Looking back at that interview with Wise for Famous Monsters, there are some germane observations that fit nicely with the fact that the show is now back 25 years later — on cable rather than network television. His remarks perhaps provide some unexpected insight into the return of the show and of his character:
FM. You got an opportunity to go to The Bigfoot Lodge (in Atwater Village, CA) — or back to Twin Peaks, so to speak — with David Lynch and co-stars Sheryl Lee and Grace Zabriskie (who played Laura Palmer and her mother Sarah, respectively) and not only get to recap your memories of the show, but you also got a once-in-a-lifetime chance to inhabit your character again. How surreal was that?
RW. It was amazing. David just pulled that script out on us the morning we arrived at The Bigfoot Lodge, and we knew we were going to be making extra material for the Blu-ray, but we had no idea, really, what it would be. … David handed us those pages and he said, “Hey, we’re going to interview your characters 25 years later.” And he said, “I know Leland is dead, but that’s no problem.”
FM. Lynch is like, “In my world, that’s the norm.”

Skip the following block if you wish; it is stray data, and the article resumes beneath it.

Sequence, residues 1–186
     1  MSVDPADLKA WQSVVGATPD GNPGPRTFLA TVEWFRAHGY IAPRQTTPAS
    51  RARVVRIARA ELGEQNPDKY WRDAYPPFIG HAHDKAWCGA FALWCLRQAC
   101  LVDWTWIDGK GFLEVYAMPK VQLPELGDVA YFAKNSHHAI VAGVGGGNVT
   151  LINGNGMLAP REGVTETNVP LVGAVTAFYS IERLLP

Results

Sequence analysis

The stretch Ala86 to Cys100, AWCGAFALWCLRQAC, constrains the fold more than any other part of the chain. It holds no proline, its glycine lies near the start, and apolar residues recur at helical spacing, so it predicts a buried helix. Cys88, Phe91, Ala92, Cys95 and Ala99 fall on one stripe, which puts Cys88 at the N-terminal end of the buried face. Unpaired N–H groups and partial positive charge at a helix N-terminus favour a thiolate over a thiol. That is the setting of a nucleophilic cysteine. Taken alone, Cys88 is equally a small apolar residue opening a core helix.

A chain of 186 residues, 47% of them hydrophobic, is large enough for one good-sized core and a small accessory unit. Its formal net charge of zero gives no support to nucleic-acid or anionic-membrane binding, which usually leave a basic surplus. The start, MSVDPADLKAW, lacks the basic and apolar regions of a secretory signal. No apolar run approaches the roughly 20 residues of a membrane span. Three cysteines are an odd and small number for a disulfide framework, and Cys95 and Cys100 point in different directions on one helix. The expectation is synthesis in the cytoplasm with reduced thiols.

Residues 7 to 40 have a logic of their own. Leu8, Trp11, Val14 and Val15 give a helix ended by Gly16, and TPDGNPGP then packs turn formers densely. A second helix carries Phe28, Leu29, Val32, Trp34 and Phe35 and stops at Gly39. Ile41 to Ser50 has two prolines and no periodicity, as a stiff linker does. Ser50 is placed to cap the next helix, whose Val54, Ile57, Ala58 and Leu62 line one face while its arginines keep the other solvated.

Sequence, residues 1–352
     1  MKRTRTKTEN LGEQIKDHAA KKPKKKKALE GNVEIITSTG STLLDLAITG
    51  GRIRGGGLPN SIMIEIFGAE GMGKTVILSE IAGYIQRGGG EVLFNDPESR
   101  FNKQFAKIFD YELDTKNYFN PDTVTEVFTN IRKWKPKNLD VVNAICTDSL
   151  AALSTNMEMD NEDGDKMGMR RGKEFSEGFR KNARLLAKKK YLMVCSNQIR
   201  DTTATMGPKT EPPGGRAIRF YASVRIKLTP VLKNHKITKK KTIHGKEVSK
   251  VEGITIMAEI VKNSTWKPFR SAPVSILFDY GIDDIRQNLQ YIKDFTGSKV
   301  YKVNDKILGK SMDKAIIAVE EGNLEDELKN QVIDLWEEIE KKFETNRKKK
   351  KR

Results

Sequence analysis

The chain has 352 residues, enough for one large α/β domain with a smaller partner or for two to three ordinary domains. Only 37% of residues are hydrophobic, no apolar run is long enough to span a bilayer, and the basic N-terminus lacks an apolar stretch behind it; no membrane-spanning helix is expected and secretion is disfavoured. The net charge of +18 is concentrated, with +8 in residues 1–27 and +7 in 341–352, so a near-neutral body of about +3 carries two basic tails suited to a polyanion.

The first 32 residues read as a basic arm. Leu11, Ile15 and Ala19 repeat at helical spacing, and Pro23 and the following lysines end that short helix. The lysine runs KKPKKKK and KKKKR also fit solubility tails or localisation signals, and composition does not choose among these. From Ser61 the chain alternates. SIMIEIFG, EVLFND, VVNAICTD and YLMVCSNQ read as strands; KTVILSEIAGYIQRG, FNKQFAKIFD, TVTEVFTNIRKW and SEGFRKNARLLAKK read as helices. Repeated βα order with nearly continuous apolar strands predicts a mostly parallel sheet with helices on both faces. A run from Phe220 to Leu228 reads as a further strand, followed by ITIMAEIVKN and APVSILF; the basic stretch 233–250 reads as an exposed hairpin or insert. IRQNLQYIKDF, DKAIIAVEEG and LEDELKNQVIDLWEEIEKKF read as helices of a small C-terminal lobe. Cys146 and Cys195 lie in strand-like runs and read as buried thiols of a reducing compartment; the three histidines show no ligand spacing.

RW. (laughs) Yeah. And so, we looked at these pages of new material, and fortunately I have a pretty good memory — it’s almost like photographic, I can learn stuff pretty fast — and I looked at it and I thought, “Wow!” And then we started shooting it and it was almost like 25 years had never happened. It was almost like the next day, and we just fell back into our characters so easily that it was pretty surreal.
FM. From the moment the camera is trained on you for this new sequence, your eyes are welled up. You sold it to me instantly. I felt that emotion.
RW. It was a powerful moment, and it was real, and I’m just happy that it happened and that the camera was able to pick it up.
FM. Your character has an opportunity to reflect, explain himself, and even be a bit contrite in terms of what happened during the events of the show.
RW. Yeah, he’s trying to redeem himself a little bit. He’s had a lot of time in the netherworld to think of all that happened and what he had done (laughs). When Leland died in the arms of [Agent] Cooper, the whole thing of what he had done was shocking to him, and overwhelming at that moment, and given 25 years to think about it, he was able to express himself a little better and be able to explain a little more how he felt, and the contrition that he felt.